There were occasions when the spectators were permitted to be so indelicately close to the players that a championship could be settled by them. Or almost. No one learned this any more forcefully than Little. Though he never became the big winner that everyone predicted, possibly because he was so well fixed, he did achieve a week of glory at Canterbury during the 1940 U.S. Open. He tied Gene Sarazen for the title, and they had an 18-hole playoff the next day. It was a duel of different personalities. Little was always conscious of his public-relations role, but even his fellow pros found the independent Sarazen hard to fancy. "He had to be different," one of the old pros says now. "When everybody played in knickers, he switched to slacks. In fact, he started the trend to slacks. Now that everybody wears slacks, he is back wearing knickers."
Little seized an early lead in the playoff and seemed at last to be worthy of his role as the bonus champion of the times. But even in the pressure-filled moments of an Open playoff he didn't want to offend anybody. When a fan came up to him at the 5th hole and said, " Mr. Little, I want to ask you a question," he smiled and said, "Of course, what is it?"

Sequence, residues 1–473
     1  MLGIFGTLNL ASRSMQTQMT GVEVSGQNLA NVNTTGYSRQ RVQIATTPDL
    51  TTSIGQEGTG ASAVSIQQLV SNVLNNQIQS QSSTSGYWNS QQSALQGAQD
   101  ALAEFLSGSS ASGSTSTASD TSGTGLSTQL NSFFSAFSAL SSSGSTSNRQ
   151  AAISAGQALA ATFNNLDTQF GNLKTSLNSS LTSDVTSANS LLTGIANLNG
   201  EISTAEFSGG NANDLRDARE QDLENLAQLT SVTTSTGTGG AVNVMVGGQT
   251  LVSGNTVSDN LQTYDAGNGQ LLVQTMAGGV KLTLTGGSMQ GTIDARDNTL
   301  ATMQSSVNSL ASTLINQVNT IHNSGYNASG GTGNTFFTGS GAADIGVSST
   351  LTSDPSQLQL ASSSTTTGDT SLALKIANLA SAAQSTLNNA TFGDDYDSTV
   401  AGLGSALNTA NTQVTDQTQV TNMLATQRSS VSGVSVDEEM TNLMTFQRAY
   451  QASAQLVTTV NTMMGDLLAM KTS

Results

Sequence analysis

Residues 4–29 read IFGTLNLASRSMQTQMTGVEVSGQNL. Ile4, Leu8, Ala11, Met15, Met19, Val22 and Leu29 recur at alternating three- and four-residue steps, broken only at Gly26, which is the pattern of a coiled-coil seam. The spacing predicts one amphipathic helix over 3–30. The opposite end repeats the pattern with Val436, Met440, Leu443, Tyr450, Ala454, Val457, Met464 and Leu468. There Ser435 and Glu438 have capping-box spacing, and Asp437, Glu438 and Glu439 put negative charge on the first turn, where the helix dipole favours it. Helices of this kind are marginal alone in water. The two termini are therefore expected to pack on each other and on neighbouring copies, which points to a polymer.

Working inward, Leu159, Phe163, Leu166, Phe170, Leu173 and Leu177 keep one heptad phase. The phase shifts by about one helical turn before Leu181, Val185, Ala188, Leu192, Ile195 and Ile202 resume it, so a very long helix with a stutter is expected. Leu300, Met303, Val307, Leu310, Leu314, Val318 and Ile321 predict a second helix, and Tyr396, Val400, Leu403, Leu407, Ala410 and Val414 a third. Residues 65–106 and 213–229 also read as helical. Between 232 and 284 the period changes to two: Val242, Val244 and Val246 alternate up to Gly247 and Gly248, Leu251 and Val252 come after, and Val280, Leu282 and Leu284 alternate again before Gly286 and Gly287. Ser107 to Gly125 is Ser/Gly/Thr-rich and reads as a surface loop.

"What I want to know," the man said, "is whether you inhale or exhale on your backswing?"
Oh, dandy. Just what you want to hear during a playoff for the most important championship in the world. Nothing distracting about that at all.
Little duck-hooked his next two tee shots, pondering whether he inhaled or exhaled. He never fully decided which it was, but he managed to shoot a 70 and beat Sarazen by three strokes. And once more the Spalding Dot was guaranteed t o give you extra distance.
But this was 1940, wasn't it? Sure it was. The Thirties were gone—sunk slowly in the distance with the mashie nib-lick. A wonderfully unpredictable and quite remarkable decade of golf had ended, but didn't it leave a legacy? Didn't it leave the faint memory that somewhere around every dogleg there lurked the one thing that a Hogan and a Demaret and a Snead and a Nelson added up to? Individuals is what they were, true and distinctive. It was what they had to be, really. They would never have guessed that someday out there on that tour it would be a lot more important for them to have a tax consultant.